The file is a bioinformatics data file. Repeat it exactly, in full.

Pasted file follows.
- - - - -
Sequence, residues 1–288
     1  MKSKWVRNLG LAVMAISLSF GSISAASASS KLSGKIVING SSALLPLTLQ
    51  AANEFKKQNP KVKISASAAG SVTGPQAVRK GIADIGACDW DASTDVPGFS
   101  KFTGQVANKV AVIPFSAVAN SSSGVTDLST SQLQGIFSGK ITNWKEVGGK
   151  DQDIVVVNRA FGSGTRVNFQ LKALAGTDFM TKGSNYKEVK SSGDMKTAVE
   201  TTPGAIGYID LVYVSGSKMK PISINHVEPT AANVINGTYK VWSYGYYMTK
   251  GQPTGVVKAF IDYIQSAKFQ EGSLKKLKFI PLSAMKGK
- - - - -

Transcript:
Sequence, residues 1–288
     1  MKSKWVRNLG LAVMAISLSF GSISAASASS KLSGKIVING SSALLPLTLQ
    51  AANEFKKQNP KVKISASAAG SVTGPQAVRK GIADIGACDW DASTDVPGFS
   101  KFTGQVANKV AVIPFSAVAN SSSGVTDLST SQLQGIFSGK ITNWKEVGGK
   151  DQDIVVVNRA FGSGTRVNFQ LKALAGTDFM TKGSNYKEVK SSGDMKTAVE
   201  TTPGAIGYID LVYVSGSKMK PISINHVEPT AANVINGTYK VWSYGYYMTK
   251  GQPTGVVKAF IDYIQSAKFQ EGSLKKLKFI PLSAMKGK